The Secretary of State for Environment, Food and Rural Affairs has set out detailed plans for the nation’s farming sector, “supporting farmers to be profitable and resilient as they produce food sustainably while protecting nature and enhancing the environment”.
The accelerated roll out of the Sustainable Farming Incentive - a key part of the Government’s Environmental Land Management schemes - will provide farmers with a diverse range of paid actions to manage hedgerows for wildlife, plant nectar-rich wildflowers and manage crop pests without the use of insecticides.
These incentives are designed to make food production more resilient and efficient over the longer term whilst contributing towards the UK’s environmental goals on carbon, biodiversity, water quality and net zero.
Six additional standards will be added to the Sustainable Farming Incentive this year, meaning farmers can receive payment for actions on hedgerows, grassland, arable and horticultural land, pest management and nutrient management. They build on the three existing standards to improve soil health and moorlands introduced in 2022 – which nearly 1,900 farmers already have in agreements.
The Government has also detailed what farmers will be paid to deliver through an enhanced version of the Countryside Stewardship scheme, which will see around 30 additional actions available to farmers by the end of 2024. The expansion builds on the more than 250 actions farmers can take at present with the scheme seeing a 94% increase in uptake since 2020 and is now part of thousands of farm businesses. The next round of Countryside Stewardship Higher-Tier will open in February, with Mid-Tier following in March.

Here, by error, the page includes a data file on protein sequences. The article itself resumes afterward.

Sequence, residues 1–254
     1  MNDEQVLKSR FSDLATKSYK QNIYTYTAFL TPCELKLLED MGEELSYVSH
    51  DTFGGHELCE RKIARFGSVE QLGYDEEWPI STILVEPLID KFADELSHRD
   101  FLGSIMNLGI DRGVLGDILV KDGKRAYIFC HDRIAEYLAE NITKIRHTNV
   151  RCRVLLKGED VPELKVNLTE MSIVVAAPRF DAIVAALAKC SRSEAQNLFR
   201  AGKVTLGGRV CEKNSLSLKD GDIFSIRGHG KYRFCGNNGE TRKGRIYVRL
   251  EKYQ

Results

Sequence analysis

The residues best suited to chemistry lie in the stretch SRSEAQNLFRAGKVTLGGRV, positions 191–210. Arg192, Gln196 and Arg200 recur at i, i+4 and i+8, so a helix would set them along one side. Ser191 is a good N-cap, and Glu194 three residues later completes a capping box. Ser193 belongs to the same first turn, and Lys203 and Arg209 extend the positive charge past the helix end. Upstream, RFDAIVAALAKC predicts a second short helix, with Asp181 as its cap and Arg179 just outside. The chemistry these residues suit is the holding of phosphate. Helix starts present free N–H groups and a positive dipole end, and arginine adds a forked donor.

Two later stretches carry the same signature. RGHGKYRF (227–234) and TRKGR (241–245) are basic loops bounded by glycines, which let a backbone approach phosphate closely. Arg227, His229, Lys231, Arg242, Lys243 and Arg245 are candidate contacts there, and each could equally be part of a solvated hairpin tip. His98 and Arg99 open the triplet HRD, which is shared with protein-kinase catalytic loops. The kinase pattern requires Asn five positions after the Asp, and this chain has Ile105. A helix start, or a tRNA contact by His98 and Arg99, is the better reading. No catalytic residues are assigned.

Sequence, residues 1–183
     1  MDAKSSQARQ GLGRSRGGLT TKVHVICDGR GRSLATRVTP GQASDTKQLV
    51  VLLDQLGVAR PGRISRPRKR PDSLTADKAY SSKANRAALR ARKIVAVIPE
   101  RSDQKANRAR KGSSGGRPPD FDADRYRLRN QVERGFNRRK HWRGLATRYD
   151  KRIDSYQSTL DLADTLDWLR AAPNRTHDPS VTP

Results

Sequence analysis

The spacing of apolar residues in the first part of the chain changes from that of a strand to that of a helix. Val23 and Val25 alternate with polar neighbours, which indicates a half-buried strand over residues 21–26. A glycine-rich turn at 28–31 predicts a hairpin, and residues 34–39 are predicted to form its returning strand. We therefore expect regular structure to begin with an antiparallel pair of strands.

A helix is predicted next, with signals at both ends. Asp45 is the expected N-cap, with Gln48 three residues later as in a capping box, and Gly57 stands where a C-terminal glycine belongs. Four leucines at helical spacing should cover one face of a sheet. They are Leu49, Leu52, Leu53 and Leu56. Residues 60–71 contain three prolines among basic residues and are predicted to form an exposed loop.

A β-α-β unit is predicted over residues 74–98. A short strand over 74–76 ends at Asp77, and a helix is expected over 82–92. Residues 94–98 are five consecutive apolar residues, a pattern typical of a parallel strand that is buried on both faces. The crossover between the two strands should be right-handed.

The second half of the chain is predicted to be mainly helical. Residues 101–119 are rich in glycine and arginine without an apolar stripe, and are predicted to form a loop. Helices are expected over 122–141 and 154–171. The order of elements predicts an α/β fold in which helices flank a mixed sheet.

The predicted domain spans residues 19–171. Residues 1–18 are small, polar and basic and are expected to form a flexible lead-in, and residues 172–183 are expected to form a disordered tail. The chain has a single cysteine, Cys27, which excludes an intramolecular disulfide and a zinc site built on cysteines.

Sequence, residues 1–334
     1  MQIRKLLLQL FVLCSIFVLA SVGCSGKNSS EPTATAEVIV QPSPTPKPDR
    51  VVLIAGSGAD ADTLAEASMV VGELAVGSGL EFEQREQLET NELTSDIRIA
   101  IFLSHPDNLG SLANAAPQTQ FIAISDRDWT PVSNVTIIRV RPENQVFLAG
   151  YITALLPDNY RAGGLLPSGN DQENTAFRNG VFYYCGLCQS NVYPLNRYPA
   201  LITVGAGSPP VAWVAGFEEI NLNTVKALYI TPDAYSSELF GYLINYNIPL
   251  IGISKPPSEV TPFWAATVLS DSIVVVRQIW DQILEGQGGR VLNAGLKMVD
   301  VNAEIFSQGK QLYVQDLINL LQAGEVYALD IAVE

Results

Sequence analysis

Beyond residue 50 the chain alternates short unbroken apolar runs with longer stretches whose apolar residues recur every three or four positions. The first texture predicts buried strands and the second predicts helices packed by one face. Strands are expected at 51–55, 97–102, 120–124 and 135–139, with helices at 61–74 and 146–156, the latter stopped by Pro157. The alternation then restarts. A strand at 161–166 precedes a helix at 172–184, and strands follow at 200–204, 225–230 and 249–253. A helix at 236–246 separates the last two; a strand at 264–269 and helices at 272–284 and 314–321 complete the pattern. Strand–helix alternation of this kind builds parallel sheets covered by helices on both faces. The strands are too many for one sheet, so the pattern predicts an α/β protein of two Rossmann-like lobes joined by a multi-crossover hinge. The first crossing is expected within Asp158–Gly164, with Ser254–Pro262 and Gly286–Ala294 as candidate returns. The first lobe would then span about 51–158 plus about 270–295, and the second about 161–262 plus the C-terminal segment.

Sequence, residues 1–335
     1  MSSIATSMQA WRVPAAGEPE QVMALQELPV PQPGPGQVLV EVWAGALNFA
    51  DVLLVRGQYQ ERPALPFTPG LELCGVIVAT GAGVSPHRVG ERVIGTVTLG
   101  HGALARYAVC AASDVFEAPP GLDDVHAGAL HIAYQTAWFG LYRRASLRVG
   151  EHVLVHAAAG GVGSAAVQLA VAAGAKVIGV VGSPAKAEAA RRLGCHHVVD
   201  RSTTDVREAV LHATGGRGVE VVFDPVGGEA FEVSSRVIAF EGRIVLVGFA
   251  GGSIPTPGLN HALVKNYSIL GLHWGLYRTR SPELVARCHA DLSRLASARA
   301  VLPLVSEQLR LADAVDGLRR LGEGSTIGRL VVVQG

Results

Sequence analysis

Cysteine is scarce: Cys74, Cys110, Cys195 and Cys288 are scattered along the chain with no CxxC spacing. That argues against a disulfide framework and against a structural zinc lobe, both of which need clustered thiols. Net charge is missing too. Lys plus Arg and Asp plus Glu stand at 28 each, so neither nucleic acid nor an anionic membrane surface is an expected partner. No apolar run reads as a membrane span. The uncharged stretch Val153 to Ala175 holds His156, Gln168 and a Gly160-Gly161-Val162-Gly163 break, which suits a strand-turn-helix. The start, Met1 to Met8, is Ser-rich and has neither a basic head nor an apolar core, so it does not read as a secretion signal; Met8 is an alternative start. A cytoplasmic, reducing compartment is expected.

Countryside Stewardship Plus will reward farmers for taking coordinated action, working with neighbouring farms and landowners to support climate and nature aims. It will deliver the same high environmental ambition previously planned for Local Nature Recovery, including managing floodplain meadows to reduce flood risk and improve biodiversity, restoring and maintaining peatland for carbon capture and storage, and enhancing and managing woodland to mitigate against drought and enhance its resilience to climate change.
Following high demand last year, the Department for Environment, Food and Rural Affairs (Defra) has confirmed it will open applications for the second round of the Landscape Recovery scheme in the spring to support ambitious large-scale nature recovery projects, focusing on net zero, protected sites and habitat creation. This could include projects creating and enhancing woodlands, peatland, nature reserves and protected sites such as ancient woodlands, wetlands and salt marshes.
The Government says that the sustainable farming Incentive has been made as straightforward as possible to apply online for with farmers giving positive feedback over the simplicity and speed of the application.
See: Thérèse Coffey: Farmers central to food production and environmental action - GOV.UK (www.gov.uk)